During my first filming trip to Northern Ireland 24 years ago — during “the troubles” — my camera operator, John Goheen, and I found ourselves found ourselves in a dark, sticky-floored comedy club in Belfast called The Empire. We’d spent the day filming in a nearby Methodist church that had survived damage from 33 paramilitary bombings.
On stage was a young man pulling on a black ski mask and telling jokes about terrorists to a raucous but appreciative crowd. Clearly outsiders, we quickly became fair game for some bare-knuckle comedy slings and arrows. They came fast and hard. The crowd loved it. We squirmed.
The next day, 22-year-old Patrick Kielty smiled a wry apology at me over coffee for making us the butt of his jokes. “If I were you, I’d have done the same,” I told him.
We went on to talk about the comedy scene in Northern Ireland and about his hopes to tour in America. What we did not talk about was how Kielty’s father was shot dead by UFF (Protestant) paramilitaries at his office in the quiet town of Dundrum when Patrick was only 16. Jack Kielty was targeted because he was a well-known Catholic. His son didn’t bring it up, and I, instinctively, didn’t ask.
Now 47, Patrick Kielty is a well-known face on British television. In the award-nominated BBC documentary “My Dad, the Peace Deal and Me,” Kielty does talk about that murder and the high costs of voting for the 1998 Good Friday Agreement. It’s a deal that disarmed the “men of violence” in exchange for an amnesty that allowed Kielty’s father’s killers and many others to go free. He also talks about Brexit and the threat it poses to a very hard-won peace in Ireland.“It makes me fear for the future of the Good Friday Agreement and the delicate balance it achieved,” says Kielty, filmed standing with one foot in Northern Ireland and the other in the Republic of Ireland. “[The Agreement] has delivered 20 years of peace and allowed an entire generation to grow up free from the violence that scarred my youth.”
I share Kielty’s fears about Brexit and its potential to separate and divide in destructive ways — especially on the border between north and south. Having reported on and gotten to know Northern Ireland and its people over nearly a quarter century, I have seen with my own eyes how much has changed since 1998. Barbed wire and military watch towers are gone. Belfast now is arguably more famous as the home of the international blockbuster “Game of Thrones” and The Titanic Experience tourist attraction than for its past violence. Young people of all backgrounds and persuasions can mix and enjoy a night out in Belfast’s city center without the old fears.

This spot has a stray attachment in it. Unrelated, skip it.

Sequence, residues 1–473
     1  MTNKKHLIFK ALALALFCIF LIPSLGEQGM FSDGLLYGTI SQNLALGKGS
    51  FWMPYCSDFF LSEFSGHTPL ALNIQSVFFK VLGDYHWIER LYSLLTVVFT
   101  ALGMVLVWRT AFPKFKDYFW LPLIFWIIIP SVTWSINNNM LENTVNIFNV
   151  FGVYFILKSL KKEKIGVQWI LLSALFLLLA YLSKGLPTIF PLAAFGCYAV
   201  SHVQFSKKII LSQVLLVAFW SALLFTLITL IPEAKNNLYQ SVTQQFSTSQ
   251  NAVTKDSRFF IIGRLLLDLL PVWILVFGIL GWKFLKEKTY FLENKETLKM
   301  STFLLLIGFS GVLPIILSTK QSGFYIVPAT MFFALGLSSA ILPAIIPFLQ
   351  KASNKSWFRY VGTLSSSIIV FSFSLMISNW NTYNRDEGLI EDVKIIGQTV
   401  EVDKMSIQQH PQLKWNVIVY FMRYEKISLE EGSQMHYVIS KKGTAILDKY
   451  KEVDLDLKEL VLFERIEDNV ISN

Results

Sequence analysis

Even after terrible loss and trauma, Kielty and 71% of Northern Ireland’s voters said “yes” to a Good Friday peace deal that also meant freeing 500 perpetrators of violence against them and their loved ones. I call that nothing less than heroic. Two decades on, we can see their choice led to a still fragile but holding peace. But in 1998, there were no guarantees.
In the film, Kielty reflects on that choice: “If you want to move on as a society you have to hang on to the memories of the people you love and why it hurts that you miss them. … But you have to ask, ‘How is this going change? Are we going to be the people who will change it?'"
With incredible compassion, he concludes: “If people are scared or hurt or have reasons why they can’t move as quickly as I want them to move, that’s really valid. … Where there’s peace, there will always be a wee bit of hope.”
There is much to admire in the people of Northern Ireland and equally much to hope for as the Brexit process stutters onward. We onlookers — who also live with our own destructive divides — might consider what conflict over religion and politics and borders has stolen from the Irish people, as well as the lessons that have come with it.
At the heart of those lessons is the willingness to show a “flexibility” reflecting a strength, not weakness, that peace builder and Irish Methodist minister Gary Mason talks about. Invited to speak all over the world about living with conflict, Mason points to flexibility, and a quiet space for listening, as essential elements for learning how disagree well.
The muscular, heroic flexibility that Patrick Kielty showed in making a sacrificial decision for peace is extraordinary. He chose life. May we all take seriously our opportunities to do likewise.
I have set before you life and death, blessings and curses. Now choose life, so that you and your descendants may live. — Deuteronomy 30: 19-20
The Rev. Kathleen LaCamera is an ordained United Methodist minister and a writer, filmmaker and mental health care chaplain living in Manchester, England.
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